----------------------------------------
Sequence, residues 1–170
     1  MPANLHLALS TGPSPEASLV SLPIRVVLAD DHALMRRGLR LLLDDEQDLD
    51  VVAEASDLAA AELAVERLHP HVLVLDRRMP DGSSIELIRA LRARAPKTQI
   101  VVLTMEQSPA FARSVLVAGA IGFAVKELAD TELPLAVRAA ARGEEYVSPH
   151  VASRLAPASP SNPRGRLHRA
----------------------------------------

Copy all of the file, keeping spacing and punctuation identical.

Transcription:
Sequence, residues 1–170
     1  MPANLHLALS TGPSPEASLV SLPIRVVLAD DHALMRRGLR LLLDDEQDLD
    51  VVAEASDLAA AELAVERLHP HVLVLDRRMP DGSSIELIRA LRARAPKTQI
   101  VVLTMEQSPA FARSVLVAGA IGFAVKELAD TELPLAVRAA ARGEEYVSPH
   151  VASRLAPASP SNPRGRLHRA